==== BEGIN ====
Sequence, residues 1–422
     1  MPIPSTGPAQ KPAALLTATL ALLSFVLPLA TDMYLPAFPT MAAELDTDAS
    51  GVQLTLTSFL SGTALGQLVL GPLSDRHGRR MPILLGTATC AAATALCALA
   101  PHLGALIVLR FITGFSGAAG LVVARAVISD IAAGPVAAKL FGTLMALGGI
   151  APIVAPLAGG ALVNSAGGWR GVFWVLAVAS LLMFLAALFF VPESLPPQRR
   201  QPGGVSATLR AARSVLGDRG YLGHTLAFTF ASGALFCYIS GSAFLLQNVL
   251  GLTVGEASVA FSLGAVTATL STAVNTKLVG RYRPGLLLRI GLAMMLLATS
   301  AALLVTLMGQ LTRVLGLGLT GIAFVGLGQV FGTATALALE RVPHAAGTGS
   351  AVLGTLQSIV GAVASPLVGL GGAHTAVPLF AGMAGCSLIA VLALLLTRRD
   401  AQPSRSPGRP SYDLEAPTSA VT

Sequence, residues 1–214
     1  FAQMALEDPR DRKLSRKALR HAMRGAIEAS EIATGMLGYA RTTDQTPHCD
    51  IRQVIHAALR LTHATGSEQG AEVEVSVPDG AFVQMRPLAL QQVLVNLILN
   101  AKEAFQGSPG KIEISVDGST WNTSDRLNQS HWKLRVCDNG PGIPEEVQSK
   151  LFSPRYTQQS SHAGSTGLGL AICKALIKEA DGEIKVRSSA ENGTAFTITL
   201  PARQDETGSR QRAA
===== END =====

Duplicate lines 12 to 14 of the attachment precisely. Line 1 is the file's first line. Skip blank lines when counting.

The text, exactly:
     1  FAQMALEDPR DRKLSRKALR HAMRGAIEAS EIATGMLGYA RTTDQTPHCD
    51  IRQVIHAALR LTHATGSEQG AEVEVSVPDG AFVQMRPLAL QQVLVNLILN
   101  AKEAFQGSPG KIEISVDGST WNTSDRLNQS HWKLRVCDNG PGIPEEVQSK